RTA is in a transitional period right now. Former creative director Eli Azran is no longer with the company, and the business is looking to appeal to a more global audience. Goodbye to the edgy L.A. rocker aesthetic that’s defined the brands for years. At the show, CEO David Rimokh said they’re aiming to sit squarely in the luxury space as opposed to contemporary: more expensive, and more European in outlook.
The women’s collection was inspired by a trip to Portugal, and more specifically the country’s tiles, whose patterns were reimagined as prints on mesh tops and silk boxer shorts with matching shirts. The most technically impressive was a crochet cardigan, skirt, and bralette. Leather corsets and skirts, a T-shirt with a transparent corset at the bottom, and clingy dresses retained the brand’s DNA from seasons past.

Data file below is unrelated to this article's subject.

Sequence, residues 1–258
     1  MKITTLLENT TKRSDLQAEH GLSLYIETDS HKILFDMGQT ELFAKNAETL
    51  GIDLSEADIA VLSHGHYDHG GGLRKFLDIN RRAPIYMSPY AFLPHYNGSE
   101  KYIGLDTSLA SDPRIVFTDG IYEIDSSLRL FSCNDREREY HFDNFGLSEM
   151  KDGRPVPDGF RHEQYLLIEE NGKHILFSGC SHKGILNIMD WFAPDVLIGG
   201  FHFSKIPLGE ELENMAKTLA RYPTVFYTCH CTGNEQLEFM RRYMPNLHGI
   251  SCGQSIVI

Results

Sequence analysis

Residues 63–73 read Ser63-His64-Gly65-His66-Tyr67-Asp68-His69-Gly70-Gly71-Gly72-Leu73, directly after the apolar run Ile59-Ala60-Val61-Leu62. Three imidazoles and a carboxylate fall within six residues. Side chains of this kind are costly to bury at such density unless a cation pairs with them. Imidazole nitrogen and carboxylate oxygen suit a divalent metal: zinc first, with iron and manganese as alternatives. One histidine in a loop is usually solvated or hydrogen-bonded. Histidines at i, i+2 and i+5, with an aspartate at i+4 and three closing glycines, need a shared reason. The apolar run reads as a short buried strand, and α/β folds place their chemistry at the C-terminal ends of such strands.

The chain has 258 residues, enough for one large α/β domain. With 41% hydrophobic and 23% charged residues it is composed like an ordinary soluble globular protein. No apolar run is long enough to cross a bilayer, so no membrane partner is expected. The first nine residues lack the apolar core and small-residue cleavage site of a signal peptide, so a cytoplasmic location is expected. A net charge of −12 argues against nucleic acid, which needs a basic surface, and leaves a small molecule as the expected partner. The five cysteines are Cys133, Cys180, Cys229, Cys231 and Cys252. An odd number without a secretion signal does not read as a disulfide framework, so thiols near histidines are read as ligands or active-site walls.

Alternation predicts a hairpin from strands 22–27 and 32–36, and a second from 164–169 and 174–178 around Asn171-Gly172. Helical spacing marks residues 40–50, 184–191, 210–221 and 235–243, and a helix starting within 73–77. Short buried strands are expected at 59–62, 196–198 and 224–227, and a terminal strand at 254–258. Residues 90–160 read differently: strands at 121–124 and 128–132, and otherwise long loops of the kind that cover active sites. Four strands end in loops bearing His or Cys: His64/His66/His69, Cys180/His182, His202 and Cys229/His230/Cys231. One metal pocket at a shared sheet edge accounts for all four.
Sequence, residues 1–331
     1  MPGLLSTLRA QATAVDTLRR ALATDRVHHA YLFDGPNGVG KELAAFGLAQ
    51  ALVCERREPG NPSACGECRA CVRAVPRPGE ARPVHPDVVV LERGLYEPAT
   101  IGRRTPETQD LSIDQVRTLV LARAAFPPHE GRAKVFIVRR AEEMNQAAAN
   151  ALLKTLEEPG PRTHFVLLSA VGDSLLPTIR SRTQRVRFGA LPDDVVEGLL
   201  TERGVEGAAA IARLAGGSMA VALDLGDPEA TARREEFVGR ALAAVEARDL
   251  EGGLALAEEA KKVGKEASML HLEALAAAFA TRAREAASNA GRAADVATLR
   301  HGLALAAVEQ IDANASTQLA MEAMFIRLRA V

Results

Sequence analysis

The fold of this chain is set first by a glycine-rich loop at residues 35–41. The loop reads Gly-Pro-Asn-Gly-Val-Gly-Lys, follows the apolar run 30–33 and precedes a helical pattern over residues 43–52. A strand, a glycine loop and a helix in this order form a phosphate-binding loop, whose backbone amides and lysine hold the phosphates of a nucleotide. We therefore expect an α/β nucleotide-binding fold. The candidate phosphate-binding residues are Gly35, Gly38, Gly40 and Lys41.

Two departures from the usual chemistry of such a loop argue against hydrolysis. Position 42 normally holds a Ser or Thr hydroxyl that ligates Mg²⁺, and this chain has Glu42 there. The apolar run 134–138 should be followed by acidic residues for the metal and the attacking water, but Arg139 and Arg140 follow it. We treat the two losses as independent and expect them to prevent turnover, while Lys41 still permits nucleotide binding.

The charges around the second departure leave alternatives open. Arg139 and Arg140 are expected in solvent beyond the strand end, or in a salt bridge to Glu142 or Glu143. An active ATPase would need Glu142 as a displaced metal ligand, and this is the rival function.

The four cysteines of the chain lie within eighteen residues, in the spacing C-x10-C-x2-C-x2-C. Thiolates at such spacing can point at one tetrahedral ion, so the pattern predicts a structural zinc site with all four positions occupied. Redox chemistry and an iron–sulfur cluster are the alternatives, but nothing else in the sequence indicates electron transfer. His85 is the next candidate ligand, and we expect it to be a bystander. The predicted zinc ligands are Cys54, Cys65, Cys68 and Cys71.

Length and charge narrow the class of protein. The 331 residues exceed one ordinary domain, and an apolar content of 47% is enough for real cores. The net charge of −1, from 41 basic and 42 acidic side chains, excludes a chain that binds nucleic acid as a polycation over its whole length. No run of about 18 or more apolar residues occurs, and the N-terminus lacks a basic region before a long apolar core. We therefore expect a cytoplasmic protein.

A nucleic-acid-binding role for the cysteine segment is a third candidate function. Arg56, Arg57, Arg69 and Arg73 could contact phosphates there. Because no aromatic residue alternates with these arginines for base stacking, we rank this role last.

The men’s collection was more jarringly different, or rather it made an effort to communicate that a change was coming. Rimokh said that while the woman of the season was jetting to Europe, the RTA man was busy rebuilding. To set the tone, one of the shirts had a graphic of a destroyed memo addressed to “the general public/global citizens/department of consumption.” The subject line was “the beginning is near” and the body text read “The Road to Awe [RTA] is undergoing a serious change in” and then black redacted sharpie lines. This message felt like gilding the lily compared to the more subtle and interesting ways the brand conveyed change and construction: acid wash jeans with sandy-colored patches, a Mad Max color palette, and, most impressively, a two-layer white tank top with a grid of holes like cigarette burns. The separation between the edgy, Los Angeles-cool RTA of the past and the “new” RTA is not yet complete, but, as the graphic tee also said, “sometimes to move forward, you must take time to look back.”